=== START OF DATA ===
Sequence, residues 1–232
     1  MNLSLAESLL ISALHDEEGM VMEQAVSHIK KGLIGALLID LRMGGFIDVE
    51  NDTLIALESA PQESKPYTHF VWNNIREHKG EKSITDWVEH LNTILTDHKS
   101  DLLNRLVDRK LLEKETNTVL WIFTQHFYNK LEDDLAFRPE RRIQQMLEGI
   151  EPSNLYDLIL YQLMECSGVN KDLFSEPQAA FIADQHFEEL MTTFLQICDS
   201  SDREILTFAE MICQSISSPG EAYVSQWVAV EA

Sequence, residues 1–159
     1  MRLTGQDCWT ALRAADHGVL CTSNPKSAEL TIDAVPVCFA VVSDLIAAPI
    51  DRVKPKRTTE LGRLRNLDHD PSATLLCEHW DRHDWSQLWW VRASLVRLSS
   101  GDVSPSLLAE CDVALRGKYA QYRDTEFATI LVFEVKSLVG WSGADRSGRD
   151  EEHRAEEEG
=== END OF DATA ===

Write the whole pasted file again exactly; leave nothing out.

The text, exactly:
Sequence, residues 1–232
     1  MNLSLAESLL ISALHDEEGM VMEQAVSHIK KGLIGALLID LRMGGFIDVE
    51  NDTLIALESA PQESKPYTHF VWNNIREHKG EKSITDWVEH LNTILTDHKS
   101  DLLNRLVDRK LLEKETNTVL WIFTQHFYNK LEDDLAFRPE RRIQQMLEGI
   151  EPSNLYDLIL YQLMECSGVN KDLFSEPQAA FIADQHFEEL MTTFLQICDS
   201  SDREILTFAE MICQSISSPG EAYVSQWVAV EA

Sequence, residues 1–159
     1  MRLTGQDCWT ALRAADHGVL CTSNPKSAEL TIDAVPVCFA VVSDLIAAPI
    51  DRVKPKRTTE LGRLRNLDHD PSATLLCEHW DRHDWSQLWW VRASLVRLSS
   101  GDVSPSLLAE CDVALRGKYA QYRDTEFATI LVFEVKSLVG WSGADRSGRD
   151  EEHRAEEEG